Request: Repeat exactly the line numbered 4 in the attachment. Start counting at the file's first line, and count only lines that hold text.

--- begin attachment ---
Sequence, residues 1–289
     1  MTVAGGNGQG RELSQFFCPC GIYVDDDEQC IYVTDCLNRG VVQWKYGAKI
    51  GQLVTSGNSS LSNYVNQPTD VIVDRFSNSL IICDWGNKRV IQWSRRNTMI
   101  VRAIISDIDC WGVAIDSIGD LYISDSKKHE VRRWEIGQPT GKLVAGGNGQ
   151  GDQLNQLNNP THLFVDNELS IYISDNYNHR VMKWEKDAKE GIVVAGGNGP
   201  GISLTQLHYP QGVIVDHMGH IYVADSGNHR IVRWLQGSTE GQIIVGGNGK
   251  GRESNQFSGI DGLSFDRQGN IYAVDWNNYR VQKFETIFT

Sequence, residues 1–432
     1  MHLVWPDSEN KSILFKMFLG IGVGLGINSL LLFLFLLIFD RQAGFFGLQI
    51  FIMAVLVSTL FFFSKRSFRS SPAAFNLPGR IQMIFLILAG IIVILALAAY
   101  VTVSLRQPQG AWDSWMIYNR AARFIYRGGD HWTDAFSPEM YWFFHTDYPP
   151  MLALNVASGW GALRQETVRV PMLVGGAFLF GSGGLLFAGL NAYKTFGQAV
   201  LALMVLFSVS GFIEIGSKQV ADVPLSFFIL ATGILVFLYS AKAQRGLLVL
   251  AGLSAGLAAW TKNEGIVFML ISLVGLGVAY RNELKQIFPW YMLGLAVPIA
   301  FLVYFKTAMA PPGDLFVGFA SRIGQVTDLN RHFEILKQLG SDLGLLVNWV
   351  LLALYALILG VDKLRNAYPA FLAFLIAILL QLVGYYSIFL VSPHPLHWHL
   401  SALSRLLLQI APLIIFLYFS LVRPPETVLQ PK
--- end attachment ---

   101  VRAIISDIDC WGVAIDSIGD LYISDSKKHE VRRWEIGQPT GKLVAGGNGQ